Best of both worlds: For people that like taking naps and drinking coffee, this is the ultimate way to pack a potent punch of alertness and vigilance.  Many people engage in morning coffee drinking, and some of those same people likely take an occasional nap.  Others may continue drinking coffee well into the afternoon without considering a nap.

By drinking some coffee prior to napping, you’re setting yourself up to get the “best of both worlds.”  Take the beneficial effects of caffeine and amplify them with a nap.  The science supports this idea, so it may be something to consider.

Combating sleep inertia: Sleep inertia is characterized by reductions in motor dexterity and subjectively reports of grogginess after an abrupt awakening.  Those with severe sleep inertia feel sluggish and as if their alertness is compromised for an extended period after sleeping.  While napping for just 20 minutes isn’t usually associated with grogginess, prolonged naps (e.g. over 30 minutes) are.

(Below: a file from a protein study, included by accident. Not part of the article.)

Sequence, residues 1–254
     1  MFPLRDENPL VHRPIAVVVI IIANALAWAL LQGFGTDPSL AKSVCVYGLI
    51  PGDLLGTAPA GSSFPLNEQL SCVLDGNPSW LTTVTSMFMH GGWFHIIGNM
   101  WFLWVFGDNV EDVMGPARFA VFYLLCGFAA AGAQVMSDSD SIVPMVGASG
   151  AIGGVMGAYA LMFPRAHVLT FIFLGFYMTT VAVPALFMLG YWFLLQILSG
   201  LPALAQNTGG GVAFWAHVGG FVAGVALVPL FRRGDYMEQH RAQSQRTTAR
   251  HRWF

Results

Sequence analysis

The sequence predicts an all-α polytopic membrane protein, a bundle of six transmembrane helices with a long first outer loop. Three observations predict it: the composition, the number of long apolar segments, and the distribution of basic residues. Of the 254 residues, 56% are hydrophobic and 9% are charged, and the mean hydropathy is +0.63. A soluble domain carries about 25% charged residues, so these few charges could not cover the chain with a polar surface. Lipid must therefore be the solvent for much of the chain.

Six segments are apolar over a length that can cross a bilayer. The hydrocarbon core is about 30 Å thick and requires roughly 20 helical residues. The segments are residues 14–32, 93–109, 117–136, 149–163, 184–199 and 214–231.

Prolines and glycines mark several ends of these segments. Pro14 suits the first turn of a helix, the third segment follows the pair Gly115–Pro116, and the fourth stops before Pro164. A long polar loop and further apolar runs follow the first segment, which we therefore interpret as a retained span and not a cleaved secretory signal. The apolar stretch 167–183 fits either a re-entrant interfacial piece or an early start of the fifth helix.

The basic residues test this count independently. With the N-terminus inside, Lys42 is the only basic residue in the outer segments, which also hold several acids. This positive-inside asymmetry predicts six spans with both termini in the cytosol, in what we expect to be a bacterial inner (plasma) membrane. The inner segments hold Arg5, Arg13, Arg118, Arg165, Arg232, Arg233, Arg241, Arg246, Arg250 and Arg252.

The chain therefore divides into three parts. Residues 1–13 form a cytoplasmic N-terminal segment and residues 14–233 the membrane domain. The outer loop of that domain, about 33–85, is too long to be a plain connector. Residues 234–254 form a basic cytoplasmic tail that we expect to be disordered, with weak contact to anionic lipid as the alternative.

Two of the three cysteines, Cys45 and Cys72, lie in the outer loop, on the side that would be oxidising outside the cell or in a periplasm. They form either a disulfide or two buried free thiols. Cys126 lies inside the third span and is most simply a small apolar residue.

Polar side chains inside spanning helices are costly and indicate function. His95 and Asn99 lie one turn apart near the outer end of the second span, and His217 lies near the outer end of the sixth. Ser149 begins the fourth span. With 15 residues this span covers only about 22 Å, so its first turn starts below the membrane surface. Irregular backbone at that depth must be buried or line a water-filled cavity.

This is due to the fact that a person enters a deeper stage of sleep, and if abruptly awoken from that sleeping state, their brain waves are still slow (e.g. theta waves).  Although shorter naps aren’t associated with severe sleep inertia, it is possible for sleep inertia to occur regardless of the nap duration.  Fortunately by adding caffeine to the equation (from coffee), the effects of sleep inertia (e.g. grogginess) are mitigated.

Therefore you’re much less likely to feel sluggish upon waking if you take a coffee nap over a standard nap.  A study from 2001 analyzed the effects of caffeine on sleep inertia in 28 participants.  Results recorded that caffeine’s antagonism of adenosine receptors successfully combated all evidence of sleep inertia.

  • Source: http://www.ncbi.nlm.nih.gov/pubmed/11683484